Damn Yankees! Adding Roger Clemens makes the hated team from New York a bigger target

March 01, 1999

You are free to hate the Yankees again. Don't you feel better
already? Any temporary admiration you might have felt for nice
guy Joe Torre and his band of humble, lunch bucket-toting
grinders ended when they stole Roger Clemens. Adding a pitcher
with five Cy Young Awards to the winningest team in history
seems as excessive as one of those mountainous corned beef
sandwiches you get in a New York City deli. Rooting for the
Yankees is, to modernize a phrase, as much fun as rooting for
Microsoft.

But consider this: Despite all your caterwauling about
"competitive imbalance," not to mention the revenue envy of your
average Kansas City Royals fan, the Yankees' acquisition of
Clemens is good for the game. "Everyone hates the Yankees
because they win all the time," says Rick Pattison, one such
Royals fan from Topeka, Kans. "Like everyone hates the Dallas
Cowboys and the Chicago Bulls because they win all the time. The
Yankees are going to win the next five years."

Of course, they won't--and the fun lies in seeing who's going to
knock them off. The 1998 Yankees, for instance, were the first
team this decade to win the World Series after leading the
majors in regular-season victories. "We're not giving the
Yankees a damn thing," was how Cleveland Indians general manager
John Hart reacted to the Clemens trade. "We're coming after
them. We haven't fired our trade bullet yet." As the July 31
trade deadline approaches, expect the Indians to go after
Philadelphia Phillies righthander Curt Schilling or lefties
Denny Neagle of the Cincinnati Reds or David Wells of the
Toronto Blue Jays.

The jostling among the Yankees, Indians and Atlanta
Braves--those teams have won six of the eight pennants since the
1994-95 strike--is great theater, not to mention a reminder of
how quickly baseball changes. When this decade began, the
Yankees had the worst record in the American League, and the
Indians and Braves had the worst attendance in their respective
leagues.

The competitive situation does need attention--it's a problem
when the Minnesota Twins cut their starting shortstop, Pat
Meares, over the same amount of money ($3.4 million) the Yankees
will pay their backup catcher, Joe Girardi--but it's not as
horrible as commissioner Bud Selig would have you believe. Five
more new ballparks will open over the next 13 months, and
another five are in the funding stage. That leaves only four
teams with major unresolved stadium issues: the Twins, Marlins,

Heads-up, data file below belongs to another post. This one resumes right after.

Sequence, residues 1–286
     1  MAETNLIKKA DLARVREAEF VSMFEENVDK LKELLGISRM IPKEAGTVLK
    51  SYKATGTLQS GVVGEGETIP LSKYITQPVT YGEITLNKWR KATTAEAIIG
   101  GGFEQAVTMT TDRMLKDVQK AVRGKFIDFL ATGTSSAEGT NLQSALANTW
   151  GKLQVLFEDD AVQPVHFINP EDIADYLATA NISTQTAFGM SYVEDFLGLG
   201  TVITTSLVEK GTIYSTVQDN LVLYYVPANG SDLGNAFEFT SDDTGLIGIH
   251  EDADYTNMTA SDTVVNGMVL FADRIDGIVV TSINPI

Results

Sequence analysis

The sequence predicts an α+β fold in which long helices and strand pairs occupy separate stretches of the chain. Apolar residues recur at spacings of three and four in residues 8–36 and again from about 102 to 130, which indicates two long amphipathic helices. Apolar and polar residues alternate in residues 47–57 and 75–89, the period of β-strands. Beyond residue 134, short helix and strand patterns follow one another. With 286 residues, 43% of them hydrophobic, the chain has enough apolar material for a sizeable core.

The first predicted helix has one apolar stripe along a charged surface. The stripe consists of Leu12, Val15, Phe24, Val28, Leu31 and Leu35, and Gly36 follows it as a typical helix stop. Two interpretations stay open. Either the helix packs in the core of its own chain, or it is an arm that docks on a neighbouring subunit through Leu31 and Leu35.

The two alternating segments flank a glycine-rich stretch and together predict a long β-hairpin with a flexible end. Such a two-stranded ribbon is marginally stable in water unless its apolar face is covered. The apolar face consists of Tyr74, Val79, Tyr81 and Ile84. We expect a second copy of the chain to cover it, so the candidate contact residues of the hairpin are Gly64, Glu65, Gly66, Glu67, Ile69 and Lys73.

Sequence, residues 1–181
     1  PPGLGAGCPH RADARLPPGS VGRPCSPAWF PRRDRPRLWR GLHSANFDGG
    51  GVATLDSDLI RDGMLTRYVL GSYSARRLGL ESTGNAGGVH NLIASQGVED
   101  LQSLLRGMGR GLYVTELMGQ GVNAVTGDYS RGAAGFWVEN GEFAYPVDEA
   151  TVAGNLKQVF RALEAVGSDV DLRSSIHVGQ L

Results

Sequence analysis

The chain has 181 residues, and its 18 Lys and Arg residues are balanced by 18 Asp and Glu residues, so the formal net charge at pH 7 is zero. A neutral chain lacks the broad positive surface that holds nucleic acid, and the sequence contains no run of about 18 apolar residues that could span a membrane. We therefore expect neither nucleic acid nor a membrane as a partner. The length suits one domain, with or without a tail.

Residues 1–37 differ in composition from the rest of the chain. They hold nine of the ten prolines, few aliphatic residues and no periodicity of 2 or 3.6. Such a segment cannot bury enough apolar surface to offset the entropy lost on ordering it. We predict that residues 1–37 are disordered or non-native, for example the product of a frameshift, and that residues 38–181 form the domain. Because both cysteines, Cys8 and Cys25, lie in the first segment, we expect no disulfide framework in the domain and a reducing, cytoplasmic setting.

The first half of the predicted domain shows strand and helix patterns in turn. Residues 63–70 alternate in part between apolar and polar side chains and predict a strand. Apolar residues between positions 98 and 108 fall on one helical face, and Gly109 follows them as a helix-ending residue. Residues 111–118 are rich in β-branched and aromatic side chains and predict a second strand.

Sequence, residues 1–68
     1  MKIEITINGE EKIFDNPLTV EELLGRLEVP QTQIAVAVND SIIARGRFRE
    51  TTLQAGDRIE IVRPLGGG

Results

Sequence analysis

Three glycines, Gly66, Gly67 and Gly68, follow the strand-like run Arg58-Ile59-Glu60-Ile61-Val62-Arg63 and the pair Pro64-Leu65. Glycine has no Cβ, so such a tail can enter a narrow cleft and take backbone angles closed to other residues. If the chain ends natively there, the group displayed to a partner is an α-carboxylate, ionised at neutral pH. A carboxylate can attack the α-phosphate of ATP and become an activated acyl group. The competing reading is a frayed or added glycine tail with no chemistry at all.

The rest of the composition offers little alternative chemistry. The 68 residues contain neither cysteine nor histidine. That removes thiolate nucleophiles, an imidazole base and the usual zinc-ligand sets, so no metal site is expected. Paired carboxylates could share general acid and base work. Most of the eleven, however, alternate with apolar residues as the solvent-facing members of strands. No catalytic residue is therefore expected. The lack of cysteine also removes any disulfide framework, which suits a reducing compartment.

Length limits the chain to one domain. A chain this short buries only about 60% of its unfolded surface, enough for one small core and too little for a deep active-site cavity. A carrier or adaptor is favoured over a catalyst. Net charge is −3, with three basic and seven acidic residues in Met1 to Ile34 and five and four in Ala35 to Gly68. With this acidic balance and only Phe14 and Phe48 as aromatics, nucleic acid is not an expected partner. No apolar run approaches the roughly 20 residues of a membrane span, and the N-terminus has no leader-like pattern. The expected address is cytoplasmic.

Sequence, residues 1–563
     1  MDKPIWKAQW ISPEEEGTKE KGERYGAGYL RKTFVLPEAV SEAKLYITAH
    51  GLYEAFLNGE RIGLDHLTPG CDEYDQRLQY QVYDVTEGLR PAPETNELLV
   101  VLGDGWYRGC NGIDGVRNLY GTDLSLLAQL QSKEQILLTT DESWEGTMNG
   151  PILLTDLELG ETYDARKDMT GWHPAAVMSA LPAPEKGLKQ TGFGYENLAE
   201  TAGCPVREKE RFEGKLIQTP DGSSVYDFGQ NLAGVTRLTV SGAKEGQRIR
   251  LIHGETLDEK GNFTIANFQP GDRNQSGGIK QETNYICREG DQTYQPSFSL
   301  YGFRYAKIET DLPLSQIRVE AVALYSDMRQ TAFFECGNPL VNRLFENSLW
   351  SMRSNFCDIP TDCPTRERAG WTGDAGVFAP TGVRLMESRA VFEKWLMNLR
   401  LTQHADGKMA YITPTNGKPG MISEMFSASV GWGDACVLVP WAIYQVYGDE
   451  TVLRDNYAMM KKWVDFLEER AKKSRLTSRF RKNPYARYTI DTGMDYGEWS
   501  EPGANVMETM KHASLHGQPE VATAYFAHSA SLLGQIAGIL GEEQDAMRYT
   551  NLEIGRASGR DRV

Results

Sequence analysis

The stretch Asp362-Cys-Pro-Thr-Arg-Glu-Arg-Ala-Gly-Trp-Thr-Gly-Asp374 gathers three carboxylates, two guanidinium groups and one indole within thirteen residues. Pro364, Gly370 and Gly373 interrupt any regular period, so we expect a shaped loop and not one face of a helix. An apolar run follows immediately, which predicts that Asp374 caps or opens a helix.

Expos and A's. Can you say relocation?

"Why should we all be punished for clubs who don't do the job
from a baseball perspective and a marketing perspective?" asks
one middle-market general manager, naming Kansas City as an
example of a mismanaged team hiding beneath the cover of a small
market.

Yes, in getting Clemens the rich got richer, but the Yankees
didn't buy him. What's more, they won 125 games last season in
large part because of their scouting and development. Homegrown
players took 42% of New York's at bats in the World Series and
pitched 53% of its innings. The San Diego Padres lost the Fall
Classic with only 12% of their at bats and 3% of their innings
pitched provided by players they developed.

Selig likes to believe every team should have "faith and hope"
of being competitive when the season starts. He also still
leaves a tooth under his pillow at night. Poor franchises are a
fact of sporting life, just as they were in the good ol' days.
Those who want to turn back the clock ought to check out the 21
seasons in the American League between 1934 and '54 in which the
White Sox, Browns, Senators and A's never came within seven
games of first place except for two fluke wartime years for the
Browns when many regular players were enlisted in the service.
Those four clubs lost more than they won 62 times in their
combined 84 seasons during that span, which means half the
league had almost no shot at the World Series for more than two
decades. The Yankees, meanwhile, won 13 pennants over that
period and, beginning in 1949, won 14 in 16 years. Then as now
the game prospered--Yankees be damned.

--Tom Verducci

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